[C]apitalism, I contend, has been a regime of enchantment, a repression, displacement, and renaming of our intrinsic and inveterate longing for divinity. There is more than mere metaphor in the way we refer to the “worship” or “idolatry” of money and possessions. . . . Capitalism represents what the theologian William Cavanaugh has called a ‘migration of the holy,’ a forced march of sanctity and devotion toward new, putatively secular objects of reverence. (p. 4)
What that enchantment, repression, displacement, and renaming looks like, McCarraher attempts to unpack in the remainder of his tome. He asks us to take seriously the worship of material goods and material gain—though the name Mammon does, by the end, become more of a metaphor for, a reduction of, the ideological apparatus that McCarraher details throughout the book rather than a serious name for a divine entity directly opposed to the God of the Christian faith. Yet he is right to insist along with Cavanaugh that economic ideology has forced us to reverence objects rather than the transcendent being of God himself. It is clear that there has indeed been a migration of the holy—our at least our recognition of it—towards the material, the produced, and the consumable. Capitalism becomes, in his view “a misenchantment, a parody or perversion of our longing for a sacramental way of being in the world” (p. 5).
To show how this misenchantment works, McCarraher outlines the material magisterium, which gives us a clearer picture of what sacramental capitalism looks like. He calls economics the theology, philosophy, and cosmology of this religion. This claim makes sense if we consider how both Marxists and capitalists devote themselves to labor, material production, and economics as the essential organizing principles behind society and relationships between people; it also makes sense if we consider how, specifically, libertarians typically enslave themselves to vague notions of the “free market.” Spend any amount of time in conversation with any of these doctrinaire types (Marxist, capitalist, libertarian) and the words labor, production, the market, etc. begin to register as a kind of litany to reinforce belief in something that will brook no contradiction.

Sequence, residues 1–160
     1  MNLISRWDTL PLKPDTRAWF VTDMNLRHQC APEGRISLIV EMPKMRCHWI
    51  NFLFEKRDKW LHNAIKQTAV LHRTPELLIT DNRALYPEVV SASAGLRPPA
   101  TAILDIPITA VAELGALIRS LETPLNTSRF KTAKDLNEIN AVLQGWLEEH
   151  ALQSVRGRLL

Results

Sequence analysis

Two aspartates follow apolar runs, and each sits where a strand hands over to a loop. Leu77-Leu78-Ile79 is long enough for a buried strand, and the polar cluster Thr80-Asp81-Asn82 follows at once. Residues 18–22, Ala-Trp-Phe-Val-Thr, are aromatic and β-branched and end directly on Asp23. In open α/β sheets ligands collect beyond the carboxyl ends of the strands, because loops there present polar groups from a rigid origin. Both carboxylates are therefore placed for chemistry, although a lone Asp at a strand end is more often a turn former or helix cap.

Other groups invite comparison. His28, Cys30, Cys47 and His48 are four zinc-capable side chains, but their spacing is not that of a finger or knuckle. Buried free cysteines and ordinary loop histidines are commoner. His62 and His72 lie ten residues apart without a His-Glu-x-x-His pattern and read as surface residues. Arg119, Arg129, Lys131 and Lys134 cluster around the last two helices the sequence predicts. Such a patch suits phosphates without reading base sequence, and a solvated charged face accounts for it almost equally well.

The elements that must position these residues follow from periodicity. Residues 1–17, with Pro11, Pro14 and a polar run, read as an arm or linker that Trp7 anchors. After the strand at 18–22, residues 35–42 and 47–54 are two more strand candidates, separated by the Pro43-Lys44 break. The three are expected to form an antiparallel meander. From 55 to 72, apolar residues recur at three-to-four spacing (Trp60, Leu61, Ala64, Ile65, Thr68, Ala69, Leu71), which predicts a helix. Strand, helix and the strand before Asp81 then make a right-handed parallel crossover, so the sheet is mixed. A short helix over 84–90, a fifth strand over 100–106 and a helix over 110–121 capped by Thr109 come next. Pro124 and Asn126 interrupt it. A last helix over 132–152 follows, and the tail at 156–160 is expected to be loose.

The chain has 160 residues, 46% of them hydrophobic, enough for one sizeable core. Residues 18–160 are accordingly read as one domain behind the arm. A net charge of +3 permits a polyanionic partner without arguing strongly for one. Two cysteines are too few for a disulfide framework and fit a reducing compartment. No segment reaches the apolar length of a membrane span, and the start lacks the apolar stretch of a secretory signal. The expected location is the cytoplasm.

In addition to labeling economics as the theology of sacramental capitalism, McCarraher calls the moral and liturgical codes of the religion “management theory and business journalism;” he calls the clerisy (what he should call the clergy to stick with his otherwise tight analogy) the “corporate intelligentsia of economists, executives, managers, and business writers, a stratum akin to Aztec priests, medieval scholastics, and Chinese mandarins;” the iconography he identifies with “advertising, public relations, marketing, and product design;” the “beatific vision of eschatological destiny” becomes “the global imperium of capital with incessantly expanding production, trade, and consumption;” and finally, the gospel of this religion is “Mammonism, the attribution of ontological power to money and of existential sublimity to its possessors” (p. 5).
Though this catalogue can overwhelm with its potential for inquiry, it is easy to see the way in which McCarraher is right in categorizing the various aspects of business as pieces of a larger, intentionally religious, system. In order to get readers to grasp its significance, so they can recognize how this whole material magisterium permeates and structures the everyday life of the modern human, McCarraher takes readers through a wide-ranging history of religion and economics. He locates the origins of this misenchanted trajectory in 1492 and traces its permutations up through the 1970s.
The Origins of Mammon’s Enchantments
McCarraher opens his book proper with a consideration of Gerard Manly Hopkins and his “medieval” notion of a world charged with God’s grace. The world, at whose heart is God’s presence, resists its own desecration. Immediately after briefly discussing Hopkins’ religious, sacramental way of viewing the world, McCarraher turns to politics and insists on medieval Christianity as dreaming of a “barely repressed desire for communism” which he describes “as the political unconscious of medieval Christendom” (p. 26). Anachronism aside, reducing the developments of a thousand years of Christianity to a singular “medieval Christendom” with a singularly repressed desire for an unclear notion of communism seems like a stretch.
McCarraher is on firmer ground in discussing the insistence of medieval writers like William Langland that wealth should be held in common, as the book of Acts tells us about the apostles. Locating the “communalism” or desire for community under the headship of God within the Catholic theophany, McCarraher tells us that a great shift away from the desire for community occurs in the wake of the Protestant Reformation. According to him, the Reformation cleared “moral and metaphysical ground for a new ‘theological economy’” that led to a “gospel of work” evidenced in some of the more fundamentally Calvinist expressions of Protestant Christianity (p. 29-30). What this means for McCarraher is that Protestants in the sixteenth- and seventeenth-centuries, by and large, “believed that they encountered God in the midst of material creation—and wealth. . . . The Protestant ethic was a gospel of work, with riches as the new Eucharistic tokens of communion with divinity” (p. 37).